Half of the workforce don't have pensions
The number of people who have a pension has fallen dramatically, new figures reveal.
Almost half of Ireland's entire workforce, some 896,000 people, now have no pension, according to the Central Statistics Office.
The number of people of working age with pensions has plummeted by almost 166,000, with inability to afford one cited as the main reason. Most of those who do not have a pension work in the private sector, pensions experts said.
A total of 941,000 do have a pension, the figures show. This represents just 51pc of the 1.8 million people in the workforce.
Even larger numbers of the self-employed do not have a pension, the data from the Quarterly National Household Survey indicates.
Some 58pc of adults in jobs who are between the ages of 30 and 65 have no pension.
This is well behind the State's target of having a situation where 70pc of this age group have a pension.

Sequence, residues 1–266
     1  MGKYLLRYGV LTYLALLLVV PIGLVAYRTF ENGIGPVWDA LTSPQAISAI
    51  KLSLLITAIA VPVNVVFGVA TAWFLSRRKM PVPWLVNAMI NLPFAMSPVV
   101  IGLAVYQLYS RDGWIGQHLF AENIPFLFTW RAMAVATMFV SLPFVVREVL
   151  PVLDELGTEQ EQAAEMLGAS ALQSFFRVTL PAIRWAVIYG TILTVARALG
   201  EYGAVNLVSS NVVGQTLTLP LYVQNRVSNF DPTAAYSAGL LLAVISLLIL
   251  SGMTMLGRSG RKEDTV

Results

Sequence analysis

Just over half the workforce had a pension in the last three months of 2009, the CSO said. This works out at 941,000 workers, and compares with a high of 1.1 million at the start of 2008.
The sharp fall in pension provision is largely due to the shrinking of the workforce because of unemployment and people leaving the country.
Just a third of the self-employed had a pension at the end of 2009, down from close to half having a pension before the downturn kicked in at the beginning of 2008.
Young people are more likely not to have a pension than to have one, the figures show.
Just one in five between the ages of 20 and 24 had a pension. This compares with six out of 10 among those between the ages of 45 and 64.
A third of workers said they could not afford to have a retirement fund. The next most common reason was because people never got around to it.
A quarter of workers now expect the state contributory pension to be their main source of income when they retire, up from 20pc in 2005.